Unrecorded and duplicated payments, frauds, unclear separation of accountant duties. These are severe and evident problems your company might encounter if you have a flawed account payable audit procedure. These errors can create a serious drawback to your financial situation or infrastructure.
Naturally, every company, entrepreneur, or small business owner wants to avoid that. To do that, it’s best to get familiar with the account payable audit procedure and ensure the safety of your business. So let’s get into it, shall we?
Importance of the Account Payable (AP) Audit
Why is AP Audit so important, and why do so many companies invest thousands of dollars in improving it? The answer is simple. Because it secures their finances, strengthens the infrastructure of their company, prevents fraud, and “errors” in transactions.
The biggest dangers of inefficient AP audits are, of course, fraud and misplacement of payments. This can create tremendous problems and setbacks that can even put a company in bankruptcy in extreme cases.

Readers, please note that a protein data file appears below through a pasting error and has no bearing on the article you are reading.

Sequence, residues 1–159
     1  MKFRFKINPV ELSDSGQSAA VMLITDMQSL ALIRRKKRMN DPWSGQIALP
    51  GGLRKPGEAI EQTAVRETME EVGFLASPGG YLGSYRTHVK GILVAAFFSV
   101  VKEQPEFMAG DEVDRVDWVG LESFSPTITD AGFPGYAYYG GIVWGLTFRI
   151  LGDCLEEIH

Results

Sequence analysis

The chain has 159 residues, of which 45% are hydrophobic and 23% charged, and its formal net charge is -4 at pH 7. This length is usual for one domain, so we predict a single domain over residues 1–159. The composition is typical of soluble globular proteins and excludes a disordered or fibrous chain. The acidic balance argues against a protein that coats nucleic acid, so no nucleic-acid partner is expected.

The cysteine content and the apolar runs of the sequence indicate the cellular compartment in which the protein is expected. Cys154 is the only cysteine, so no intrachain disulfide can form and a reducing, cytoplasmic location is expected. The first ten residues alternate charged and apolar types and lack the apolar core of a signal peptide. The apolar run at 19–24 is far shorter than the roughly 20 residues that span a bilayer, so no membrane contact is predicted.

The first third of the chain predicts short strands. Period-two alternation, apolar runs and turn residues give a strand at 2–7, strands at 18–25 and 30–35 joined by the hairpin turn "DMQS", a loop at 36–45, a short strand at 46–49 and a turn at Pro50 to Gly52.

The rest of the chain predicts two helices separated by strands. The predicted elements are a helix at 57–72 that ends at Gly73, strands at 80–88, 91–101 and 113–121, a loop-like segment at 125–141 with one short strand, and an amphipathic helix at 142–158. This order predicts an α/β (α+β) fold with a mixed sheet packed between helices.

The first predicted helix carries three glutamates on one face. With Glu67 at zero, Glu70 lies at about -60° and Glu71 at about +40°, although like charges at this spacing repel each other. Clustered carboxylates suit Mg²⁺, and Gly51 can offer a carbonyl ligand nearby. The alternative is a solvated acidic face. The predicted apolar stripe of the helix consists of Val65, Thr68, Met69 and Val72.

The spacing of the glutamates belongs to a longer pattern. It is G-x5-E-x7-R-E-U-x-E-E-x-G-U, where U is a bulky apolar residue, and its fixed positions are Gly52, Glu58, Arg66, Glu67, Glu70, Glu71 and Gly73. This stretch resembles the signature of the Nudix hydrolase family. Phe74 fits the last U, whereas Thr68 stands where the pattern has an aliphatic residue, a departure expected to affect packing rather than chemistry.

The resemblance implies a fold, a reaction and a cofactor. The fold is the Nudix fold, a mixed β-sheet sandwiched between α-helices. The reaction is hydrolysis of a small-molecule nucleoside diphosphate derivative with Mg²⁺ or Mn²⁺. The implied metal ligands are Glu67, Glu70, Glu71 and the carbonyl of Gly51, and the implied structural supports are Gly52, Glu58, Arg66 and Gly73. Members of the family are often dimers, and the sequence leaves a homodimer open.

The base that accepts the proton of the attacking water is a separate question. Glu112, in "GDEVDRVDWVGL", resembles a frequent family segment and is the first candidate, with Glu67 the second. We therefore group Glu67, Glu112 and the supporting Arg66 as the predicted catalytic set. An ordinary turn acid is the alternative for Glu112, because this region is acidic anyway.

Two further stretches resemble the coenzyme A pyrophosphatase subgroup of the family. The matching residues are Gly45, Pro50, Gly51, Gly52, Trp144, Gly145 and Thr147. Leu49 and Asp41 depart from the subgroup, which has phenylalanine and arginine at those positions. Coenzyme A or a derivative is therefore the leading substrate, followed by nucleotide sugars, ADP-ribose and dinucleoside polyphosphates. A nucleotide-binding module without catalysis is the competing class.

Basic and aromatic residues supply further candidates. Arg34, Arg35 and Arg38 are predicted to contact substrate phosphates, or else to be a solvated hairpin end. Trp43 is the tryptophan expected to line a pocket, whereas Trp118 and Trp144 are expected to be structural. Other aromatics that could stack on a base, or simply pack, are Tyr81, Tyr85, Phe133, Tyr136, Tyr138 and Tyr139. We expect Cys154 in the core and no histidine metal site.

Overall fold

How can that happen, you may ask? Well, it’s quite simple. The term payable refers to the amount the company needs to pay for rendered services or goods. So let’s say that you need website optimization services from another company. The services are provided at the end of the year, but the invoice won’t be sent until the start of the next year. So naturally, the amount owed for the services is recorded as payable at the end of the year.
But because accounting includes regulating a vast list of transactions, sometimes these payable records can get mixed up and lost. This is naturally a bad thing, because, by the time the matter resolves, you’ll end up having unjustified expenses and fees. So it’s easy to notice the importance of how to audit accounts payable.
Signs of Effective Account Payable (AP) Audit Procedure
Account payable auditing is essential for every business. Whether small and on the uprise or large, already established, corporations, AP audits are the front line of defense in a war against fraud and error. But how do we spot an effective AP audit, methods, and procedures? Here are some hallmarks of an effective AP audit.